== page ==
INSCRIPTION: Script “W” on face of body.
MARK: Struck on base with “A•BLANCHARD” intaglio mark within a rectangle with an intaglio, open-winged eagle within a conforming reserve struck above, possibly the manufacturer mark for John McMullin (1765-1843) of Philadelphia. Eagle marks are found on silver made in cities throughout America during the Federal period and may have been used by large manufacturers selling their wares to be retailed by other silversmiths and jewelers. Alternatively, eagle marks could simply have served as an informal national mark, similar to the lion’s head, thistle, and harp used, respectively, by British, Scottish, and Irish guild halls. See Catherine B. Hollan, “Eagle Marks on American Silver” (McLean, VA: Hollan Press, 2015), 11-12, 69.
MAKER: Asa Blanchard is early Kentucky’s most prolific and successful silversmith. His shop and product are significant to the state’s material culture during its formative period and reflect the east-to-west migration of craftsmen in the late-eighteenth and early-nineteenth centuries. Asa Blansett (Blanchard) was born circa 1770, probably in Dumfries, Virginia. His surname was variously spelled “Blanset(t),” “Blancet(t),” “Blanchet,” “Blanchit,” or “Blanchard,” often multiple ways within a single document. It is not known under whom he received his training as a silversmith, but he could have trained locally in Dumfries or in nearby Alexandria or Fredericksburg, Virginia. He worked in Dumfries from about 1789 until 1806, using touchmarks of “A•B,” “AB,” and “A•BLANSETT.” At some time before moving West to Kentucky he may have worked in New York and Philadelphia, a claim he made in his first advertisement in Lexington (28 December 1807, “Kentucky Gazette and General Advertiser). No documentation has been found to support Blanchard’s claim of working or even living in either of those cities. Upon his move to Lexington, Kentucky, in 1806, he began using marks with variations of “BLANCHARD” and “A•BLANCHARD.” Over the next thirty-two years, Asa Blanchard worked in Lexington. When he died in 1838, his estate was valued at $40,000. Dozens of pieces of silver hollowware and scores of spoons and ladles survive with Asa Blanchard’s mark, most from his career in Kentucky. See Catherine B. Hollan, “Virginia Silversmiths, Jewelers, Watch- and Clockmakers, 1607-1860: Their Lives and Marks” (McLean, VA: Hollan Press, 2010) and Gary Albert, “Pioneer Refinement: Kentucky’s Mitchum Family Silver Purchased from Asa Blanchard,” MESDA Journal, Vol. 35 (2014); online: http://www.mesdajournal.org/2014/pioneering-refinement-kentuckys-mitchum-family-silver-purchased-asa-blanchard/ (accessed 28 May 2017).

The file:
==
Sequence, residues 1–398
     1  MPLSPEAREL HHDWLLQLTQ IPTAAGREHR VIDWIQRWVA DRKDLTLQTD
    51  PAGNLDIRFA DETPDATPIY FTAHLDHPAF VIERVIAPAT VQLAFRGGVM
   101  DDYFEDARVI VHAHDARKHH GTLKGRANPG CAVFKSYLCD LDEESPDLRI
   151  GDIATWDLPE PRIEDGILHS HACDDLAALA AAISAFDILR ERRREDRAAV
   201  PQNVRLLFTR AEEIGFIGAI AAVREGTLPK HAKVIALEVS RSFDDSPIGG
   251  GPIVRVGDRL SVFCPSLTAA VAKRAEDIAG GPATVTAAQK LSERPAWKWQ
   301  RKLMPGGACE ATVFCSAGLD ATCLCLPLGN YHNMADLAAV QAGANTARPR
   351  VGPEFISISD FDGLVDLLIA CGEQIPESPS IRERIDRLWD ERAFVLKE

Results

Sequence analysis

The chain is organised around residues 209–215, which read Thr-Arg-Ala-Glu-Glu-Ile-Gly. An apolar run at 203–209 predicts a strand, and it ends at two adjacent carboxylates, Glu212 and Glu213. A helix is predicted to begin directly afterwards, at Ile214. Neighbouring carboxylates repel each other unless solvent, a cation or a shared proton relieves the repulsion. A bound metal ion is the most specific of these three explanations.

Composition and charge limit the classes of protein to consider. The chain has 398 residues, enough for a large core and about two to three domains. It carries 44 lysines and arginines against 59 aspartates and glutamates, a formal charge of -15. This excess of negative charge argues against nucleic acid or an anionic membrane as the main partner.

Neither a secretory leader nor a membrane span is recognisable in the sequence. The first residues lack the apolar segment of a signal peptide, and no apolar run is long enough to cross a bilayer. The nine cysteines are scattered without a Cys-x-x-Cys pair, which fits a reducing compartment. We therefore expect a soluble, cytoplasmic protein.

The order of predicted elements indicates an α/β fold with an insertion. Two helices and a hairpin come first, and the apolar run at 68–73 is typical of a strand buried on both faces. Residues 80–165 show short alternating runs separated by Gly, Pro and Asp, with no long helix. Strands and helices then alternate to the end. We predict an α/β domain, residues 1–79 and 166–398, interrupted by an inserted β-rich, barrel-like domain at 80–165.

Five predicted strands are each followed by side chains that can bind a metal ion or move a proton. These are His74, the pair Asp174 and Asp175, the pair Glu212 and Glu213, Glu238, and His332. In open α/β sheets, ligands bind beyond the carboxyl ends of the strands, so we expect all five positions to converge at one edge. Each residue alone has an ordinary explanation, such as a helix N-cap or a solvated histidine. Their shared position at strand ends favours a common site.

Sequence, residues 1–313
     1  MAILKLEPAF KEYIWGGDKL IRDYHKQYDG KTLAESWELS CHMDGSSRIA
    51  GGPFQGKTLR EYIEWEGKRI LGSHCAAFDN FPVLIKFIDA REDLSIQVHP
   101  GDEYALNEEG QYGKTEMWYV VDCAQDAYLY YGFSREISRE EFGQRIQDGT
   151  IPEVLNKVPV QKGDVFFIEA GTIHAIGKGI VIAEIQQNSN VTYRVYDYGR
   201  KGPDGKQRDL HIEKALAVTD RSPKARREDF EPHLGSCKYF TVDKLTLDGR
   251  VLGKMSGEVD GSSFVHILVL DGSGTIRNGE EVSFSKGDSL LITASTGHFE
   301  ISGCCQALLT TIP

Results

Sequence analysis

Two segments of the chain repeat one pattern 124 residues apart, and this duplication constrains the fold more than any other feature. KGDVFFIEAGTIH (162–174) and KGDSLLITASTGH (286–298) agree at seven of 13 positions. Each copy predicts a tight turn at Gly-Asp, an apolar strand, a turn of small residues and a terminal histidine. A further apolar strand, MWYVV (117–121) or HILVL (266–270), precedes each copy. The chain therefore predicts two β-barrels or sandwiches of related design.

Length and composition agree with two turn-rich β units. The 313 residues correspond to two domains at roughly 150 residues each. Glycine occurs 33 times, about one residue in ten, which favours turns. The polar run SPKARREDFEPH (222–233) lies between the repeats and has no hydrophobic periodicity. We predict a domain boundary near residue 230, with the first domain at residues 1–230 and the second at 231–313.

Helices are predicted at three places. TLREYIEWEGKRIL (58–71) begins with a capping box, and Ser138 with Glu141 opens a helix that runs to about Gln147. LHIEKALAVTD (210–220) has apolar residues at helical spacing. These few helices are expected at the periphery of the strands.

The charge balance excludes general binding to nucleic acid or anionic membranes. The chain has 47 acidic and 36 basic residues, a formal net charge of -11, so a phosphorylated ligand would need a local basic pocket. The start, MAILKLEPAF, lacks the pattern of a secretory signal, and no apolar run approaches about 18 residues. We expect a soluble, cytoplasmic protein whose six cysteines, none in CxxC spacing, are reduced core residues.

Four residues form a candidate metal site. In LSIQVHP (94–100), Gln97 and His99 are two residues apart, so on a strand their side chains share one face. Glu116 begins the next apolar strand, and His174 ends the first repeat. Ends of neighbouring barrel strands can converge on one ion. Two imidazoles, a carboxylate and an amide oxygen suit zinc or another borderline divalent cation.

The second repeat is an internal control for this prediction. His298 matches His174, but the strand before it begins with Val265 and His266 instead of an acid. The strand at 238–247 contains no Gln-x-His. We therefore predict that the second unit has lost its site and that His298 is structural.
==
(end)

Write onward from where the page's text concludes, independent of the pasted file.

FORM: Small drinking cups were popular throughout the eighteenth and nineteenth centuries. Earlier examples usually have handles while nineteenth-century examples often did not. Like most silver hollowware created after the late eighteenth century, beakers were most often made from a rolled sheet of silver and seamed vertically up the side, in contrast to earlier examples that were raised (hammered up) from a disk.